By Joanna Manning.
On the eve of the interleague robotics championship, members of the Wright Angles robotics team were working late into the night in the Charles Wright Academy Innovation Lab. After going undefeated in their first ten matches of the season, the team was entering the contest as the number one seed, and they were eager to maintain their ranking. They had put in more than forty hours of work over the winter break, and now, at the 11th hour, they were still tweaking their design.
In a somewhat unorthodox move, the team had decided to scrap their robot entirely after the last competition of the regular season rather than refine their existing design. When pressed about this decision, one of the team members laughed. “Hindsight’s 20/20, right?”
Junior Ted Corddry stepped in to explain: “We’re all, to a certain extent, perfectionists. We just want our robot to be as good as it possibly can be.”
The last-minute tinkering was a gamble that, while not without its challenges, paid off in the end, resulting not only in a first-place finish but also a Washington State record for point totals and a spot in the State Championship, which will take place Sunday, January 26 th at the ShoWare Center in Kent.
Teams earn points based on the complexity of the tasks their robot can complete. Every year, the robotics governing body, FIRST, issues a new challenge and a new set of point distributions. The team must then evaluate what’s worth engineering to achieve the most points. This year, teams were challenged to build robots that could move and stack yellow interlocking bricks that resemble large Legos. Teams earn minimal points for shuttling blocks over a line and more points for stacking the blocks.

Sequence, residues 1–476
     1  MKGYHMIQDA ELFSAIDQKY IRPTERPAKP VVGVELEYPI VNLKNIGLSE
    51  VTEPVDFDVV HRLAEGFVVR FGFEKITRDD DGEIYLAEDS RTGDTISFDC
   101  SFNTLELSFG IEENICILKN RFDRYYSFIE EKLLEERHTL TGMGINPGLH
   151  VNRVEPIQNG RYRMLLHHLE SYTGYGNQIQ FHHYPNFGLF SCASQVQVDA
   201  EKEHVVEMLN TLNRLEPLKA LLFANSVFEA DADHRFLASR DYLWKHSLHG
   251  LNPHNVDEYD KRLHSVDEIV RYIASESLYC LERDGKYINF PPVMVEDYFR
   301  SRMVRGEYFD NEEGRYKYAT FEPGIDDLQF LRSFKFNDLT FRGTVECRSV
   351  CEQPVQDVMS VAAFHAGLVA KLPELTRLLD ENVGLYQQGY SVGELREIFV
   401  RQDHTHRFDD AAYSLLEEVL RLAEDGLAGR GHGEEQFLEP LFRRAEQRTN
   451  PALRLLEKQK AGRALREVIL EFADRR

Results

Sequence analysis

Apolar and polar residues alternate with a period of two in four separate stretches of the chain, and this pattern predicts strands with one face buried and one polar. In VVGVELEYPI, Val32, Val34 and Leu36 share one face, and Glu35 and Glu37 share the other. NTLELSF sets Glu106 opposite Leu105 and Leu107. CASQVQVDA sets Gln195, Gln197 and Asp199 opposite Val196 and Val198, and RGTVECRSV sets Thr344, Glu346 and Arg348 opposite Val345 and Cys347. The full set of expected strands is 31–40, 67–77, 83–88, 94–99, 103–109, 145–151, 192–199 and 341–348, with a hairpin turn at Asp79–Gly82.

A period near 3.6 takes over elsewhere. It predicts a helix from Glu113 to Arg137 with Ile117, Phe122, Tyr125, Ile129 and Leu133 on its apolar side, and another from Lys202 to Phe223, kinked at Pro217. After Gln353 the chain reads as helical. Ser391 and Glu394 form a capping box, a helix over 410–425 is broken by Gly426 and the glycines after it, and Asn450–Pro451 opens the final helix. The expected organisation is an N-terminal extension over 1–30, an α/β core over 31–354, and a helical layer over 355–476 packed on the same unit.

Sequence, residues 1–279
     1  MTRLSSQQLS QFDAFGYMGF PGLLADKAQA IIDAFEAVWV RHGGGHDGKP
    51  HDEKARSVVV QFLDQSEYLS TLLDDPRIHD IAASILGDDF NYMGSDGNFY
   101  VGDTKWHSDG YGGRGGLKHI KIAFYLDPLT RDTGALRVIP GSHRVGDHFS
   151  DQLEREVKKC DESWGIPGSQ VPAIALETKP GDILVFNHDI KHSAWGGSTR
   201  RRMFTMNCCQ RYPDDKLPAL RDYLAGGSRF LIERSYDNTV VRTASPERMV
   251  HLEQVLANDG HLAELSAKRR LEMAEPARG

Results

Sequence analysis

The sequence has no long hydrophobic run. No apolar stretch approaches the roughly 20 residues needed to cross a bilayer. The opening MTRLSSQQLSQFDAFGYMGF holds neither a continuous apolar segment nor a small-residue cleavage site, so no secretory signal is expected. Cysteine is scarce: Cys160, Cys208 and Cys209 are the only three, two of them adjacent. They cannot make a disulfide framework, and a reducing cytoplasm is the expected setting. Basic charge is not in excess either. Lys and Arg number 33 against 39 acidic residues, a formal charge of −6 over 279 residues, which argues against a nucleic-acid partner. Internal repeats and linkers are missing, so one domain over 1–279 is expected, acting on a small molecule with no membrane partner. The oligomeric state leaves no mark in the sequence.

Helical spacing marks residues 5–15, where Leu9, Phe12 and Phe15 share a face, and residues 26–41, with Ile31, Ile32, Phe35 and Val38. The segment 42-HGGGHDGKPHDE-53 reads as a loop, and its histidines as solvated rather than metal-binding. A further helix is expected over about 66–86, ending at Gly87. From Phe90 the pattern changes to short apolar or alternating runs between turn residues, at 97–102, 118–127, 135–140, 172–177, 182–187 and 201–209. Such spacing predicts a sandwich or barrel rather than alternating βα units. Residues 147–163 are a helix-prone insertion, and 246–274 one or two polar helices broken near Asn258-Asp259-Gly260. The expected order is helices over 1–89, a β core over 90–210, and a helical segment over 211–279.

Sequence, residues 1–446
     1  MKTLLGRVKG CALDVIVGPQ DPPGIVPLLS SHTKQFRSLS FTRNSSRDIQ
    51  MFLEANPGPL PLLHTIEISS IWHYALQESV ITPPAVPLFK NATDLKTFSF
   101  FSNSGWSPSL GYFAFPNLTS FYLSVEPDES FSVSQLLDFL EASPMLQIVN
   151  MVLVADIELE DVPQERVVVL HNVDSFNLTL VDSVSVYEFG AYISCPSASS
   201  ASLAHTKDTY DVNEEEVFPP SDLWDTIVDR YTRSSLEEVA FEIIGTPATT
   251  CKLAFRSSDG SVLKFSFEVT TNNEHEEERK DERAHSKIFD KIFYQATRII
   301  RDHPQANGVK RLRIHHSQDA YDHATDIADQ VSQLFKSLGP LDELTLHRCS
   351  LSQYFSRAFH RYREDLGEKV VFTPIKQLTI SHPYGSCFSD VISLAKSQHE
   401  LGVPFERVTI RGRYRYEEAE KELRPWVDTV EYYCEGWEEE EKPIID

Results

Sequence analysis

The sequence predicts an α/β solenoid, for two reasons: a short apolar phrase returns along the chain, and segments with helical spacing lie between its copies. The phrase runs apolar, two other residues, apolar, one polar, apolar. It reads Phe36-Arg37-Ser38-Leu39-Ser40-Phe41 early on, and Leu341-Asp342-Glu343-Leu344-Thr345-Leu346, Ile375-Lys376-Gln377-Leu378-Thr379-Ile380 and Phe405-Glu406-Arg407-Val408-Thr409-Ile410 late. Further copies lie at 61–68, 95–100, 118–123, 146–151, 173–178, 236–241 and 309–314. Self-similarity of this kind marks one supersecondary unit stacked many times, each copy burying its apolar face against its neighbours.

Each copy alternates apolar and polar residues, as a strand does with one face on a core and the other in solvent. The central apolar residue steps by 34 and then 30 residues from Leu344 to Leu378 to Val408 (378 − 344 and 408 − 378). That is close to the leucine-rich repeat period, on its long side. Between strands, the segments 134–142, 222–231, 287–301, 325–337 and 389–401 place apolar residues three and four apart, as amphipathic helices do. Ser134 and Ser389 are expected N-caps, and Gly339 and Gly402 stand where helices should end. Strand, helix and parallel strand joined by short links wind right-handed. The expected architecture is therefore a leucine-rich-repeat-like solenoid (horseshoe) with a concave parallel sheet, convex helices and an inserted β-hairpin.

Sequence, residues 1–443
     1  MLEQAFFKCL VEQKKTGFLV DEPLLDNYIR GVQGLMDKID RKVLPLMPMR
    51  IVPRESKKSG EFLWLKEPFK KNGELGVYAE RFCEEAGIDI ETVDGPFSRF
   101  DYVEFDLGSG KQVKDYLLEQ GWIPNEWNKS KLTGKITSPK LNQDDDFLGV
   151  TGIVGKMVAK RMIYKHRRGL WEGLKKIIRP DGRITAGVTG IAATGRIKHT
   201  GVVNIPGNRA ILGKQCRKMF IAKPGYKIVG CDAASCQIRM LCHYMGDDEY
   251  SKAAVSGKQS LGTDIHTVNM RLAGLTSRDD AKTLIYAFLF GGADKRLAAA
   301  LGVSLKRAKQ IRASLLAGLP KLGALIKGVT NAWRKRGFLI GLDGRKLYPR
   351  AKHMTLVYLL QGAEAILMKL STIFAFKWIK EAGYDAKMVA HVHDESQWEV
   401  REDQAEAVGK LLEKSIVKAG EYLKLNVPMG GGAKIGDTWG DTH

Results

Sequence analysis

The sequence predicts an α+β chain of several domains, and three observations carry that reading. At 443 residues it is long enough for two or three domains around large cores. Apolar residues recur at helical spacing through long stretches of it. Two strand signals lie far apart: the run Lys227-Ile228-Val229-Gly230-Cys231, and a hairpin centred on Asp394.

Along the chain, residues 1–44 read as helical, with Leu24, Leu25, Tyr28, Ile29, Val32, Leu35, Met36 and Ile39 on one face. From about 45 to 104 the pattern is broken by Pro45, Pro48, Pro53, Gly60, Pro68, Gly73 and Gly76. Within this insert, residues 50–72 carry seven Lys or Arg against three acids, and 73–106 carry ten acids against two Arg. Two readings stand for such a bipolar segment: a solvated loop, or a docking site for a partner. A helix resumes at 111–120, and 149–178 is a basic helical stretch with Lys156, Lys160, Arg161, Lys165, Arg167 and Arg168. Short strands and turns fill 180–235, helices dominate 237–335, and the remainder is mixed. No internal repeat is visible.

“For our first competition our robot could shuttle very quickly, but we didn’t have a lift mechanism,” Innovation and Design Labs Director and robotics team leader Joe Romano said. “We were able to win all our own matches just because we could bring blocks over the line. Then we got our lift mechanism and we were able to stack four blocks high. Eventually, we were able to drop a capstone on top of the stack to score even more points.”
A typical robotics competition follows an alliance format, wherein teams are paired together randomly during the early qualification rounds but then choose strategic alliances for the final rounds of the competition. Teams will look for robots from other teams that will complement their own robot’s abilities.
Mr. Romano said, “It’s a really exciting scoring process where you have to work with another team for three minutes even though you’re competing against them. We’ve looked at certain elements from other teams’ robots and thought, ‘Oh we need that on our robot!’ So [competition] is a model where we can learn and share together.”
Encouraging students to share their knowledge and to think like engineers is at the heart of FIRST’s philosophy. Each team must keep an engineering notebook that documents their process in building their robot, and awards are given to teams whose notebooks can demonstrate their engineering skills.
“We’re building a team culture where we’re not just building a robot, we’re engineering a robot,” Mr. Romano said.
More than that, the team is trying to build a culture of technology and engineering throughout the community. Several robotics team members have launched a Lego robotics club in the lower school, and others have expressed an interest in building an automated hydroponic gardening system for the school’s greenhouse.
For now, though, the team is laser focused on preparing for the upcoming championship, and they are all optimistic about their chances to win.
“It’s going to be an incredible learning opportunity for students,” Mr. Romano said.
The Wright Angles placed first at the interleague championships and will compete at state January 26th.
We’re building a team culture where we’re not just building a robot, we’re engineering a robot.